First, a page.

I've been reading The Boy Who Could See Demons on my ipad/phone kindle app. The phone app has a cool new feature that calculates my reading speed and then tells me that I can X minutes left in this chapter - that's a really cool way to find out if I can really squeeze in a chapter during my lunch break or at the checkout line in a supermarket.

Couple of weeks back, I started reading Rahul Mehta's Quarantine at the B&N store here. It's a book of stories about gay Indian-American men and I breezed through the first story before I had to leave the store (after buying the book, of course). That first story was definitely engrossing and if I'm in the mood, I may try to read the rest of the book this weekend. It's been on my wishlist ever since I saw it on many blogs.

I'm not sure what's next on my to-read list. More than half of my books are on the floor in the office room because we sold the bookshelves we had, with the full intent of buying more matching bookshelves. Except now that I have room for them, I don't know what kind of shelves I want. We bought a short cubed shelf, assembled it and put it up in the office room, only to be disappointed that it looked so tiny in there. So we moved it to the area in front of our patio, which was the husband's idea, and it looked perfect in there. I'm planning to add a colorful armchair next to it and a fur-like rug in front to convert it into a reading nook. I'll post pictures once it's done - having been through a big furniture purchase, I'm trying to pace out the next purchases.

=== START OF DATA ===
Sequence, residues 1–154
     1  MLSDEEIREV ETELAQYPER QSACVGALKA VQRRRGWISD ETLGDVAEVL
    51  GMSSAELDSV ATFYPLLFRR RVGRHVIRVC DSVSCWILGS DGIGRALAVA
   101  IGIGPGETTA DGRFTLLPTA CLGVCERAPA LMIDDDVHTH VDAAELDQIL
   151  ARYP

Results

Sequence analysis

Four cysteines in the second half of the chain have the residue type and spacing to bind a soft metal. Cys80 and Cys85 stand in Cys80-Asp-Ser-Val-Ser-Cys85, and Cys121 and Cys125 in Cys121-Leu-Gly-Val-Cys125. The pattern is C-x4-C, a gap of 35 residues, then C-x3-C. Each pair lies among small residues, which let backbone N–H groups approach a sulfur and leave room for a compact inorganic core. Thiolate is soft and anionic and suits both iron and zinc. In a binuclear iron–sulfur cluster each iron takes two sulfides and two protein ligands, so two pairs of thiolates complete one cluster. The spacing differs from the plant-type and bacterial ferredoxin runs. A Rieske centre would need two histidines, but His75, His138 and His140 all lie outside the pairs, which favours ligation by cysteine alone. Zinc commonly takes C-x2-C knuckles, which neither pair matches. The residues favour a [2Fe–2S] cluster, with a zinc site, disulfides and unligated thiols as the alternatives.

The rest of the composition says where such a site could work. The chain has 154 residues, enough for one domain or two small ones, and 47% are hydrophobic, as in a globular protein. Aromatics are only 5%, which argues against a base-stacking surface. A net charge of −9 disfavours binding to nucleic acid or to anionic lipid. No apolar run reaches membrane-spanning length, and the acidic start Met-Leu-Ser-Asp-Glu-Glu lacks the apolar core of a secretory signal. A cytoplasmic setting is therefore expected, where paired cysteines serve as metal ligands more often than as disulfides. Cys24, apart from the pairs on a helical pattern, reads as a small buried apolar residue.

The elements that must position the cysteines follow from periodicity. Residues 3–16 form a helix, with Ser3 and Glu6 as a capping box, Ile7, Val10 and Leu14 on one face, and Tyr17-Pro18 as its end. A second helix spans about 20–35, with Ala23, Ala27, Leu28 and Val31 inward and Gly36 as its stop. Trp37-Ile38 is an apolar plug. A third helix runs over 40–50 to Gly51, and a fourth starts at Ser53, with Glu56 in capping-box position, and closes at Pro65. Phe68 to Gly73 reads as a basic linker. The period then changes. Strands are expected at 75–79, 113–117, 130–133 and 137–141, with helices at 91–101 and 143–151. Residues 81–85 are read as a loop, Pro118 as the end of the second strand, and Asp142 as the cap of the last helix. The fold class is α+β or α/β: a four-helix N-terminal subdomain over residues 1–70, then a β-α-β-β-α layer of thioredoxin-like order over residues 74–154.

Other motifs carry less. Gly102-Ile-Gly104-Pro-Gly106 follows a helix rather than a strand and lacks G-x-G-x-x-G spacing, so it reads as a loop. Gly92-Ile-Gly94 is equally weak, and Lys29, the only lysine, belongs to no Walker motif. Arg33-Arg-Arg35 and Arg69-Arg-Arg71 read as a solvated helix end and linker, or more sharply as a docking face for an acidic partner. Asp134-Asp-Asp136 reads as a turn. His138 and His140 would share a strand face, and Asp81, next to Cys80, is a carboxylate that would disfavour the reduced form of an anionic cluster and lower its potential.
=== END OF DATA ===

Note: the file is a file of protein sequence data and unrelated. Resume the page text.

I definitely need a bookshelf first though - my to-read list is getting messed up.

Comments

bermudaonion(Kathy) said…
I hope things settle down for you.
Hope your personal issues resolve themselves/get better! Have fun putting together your reading nook :)
Helen Murdoch said…
Quarantine sounds like it would be good for my school's library!

Popular posts from this blog

Hell-Heaven by Jhumpa Lahiri (Short Fiction Review)

I first read Jhumpa Lahiri years ago, when her Interpreter of Maladies was making a huge buzz. At the time, I didn't catch any of the buzz, but for some reason, when I saw the book on the shelf at the store I was browsing in, I felt it just might be a decent read. Funnily, I read the entire short story collection without complaining about it, but for some reason, I cannot read any collection anymore without agonizing over its disjoint nature.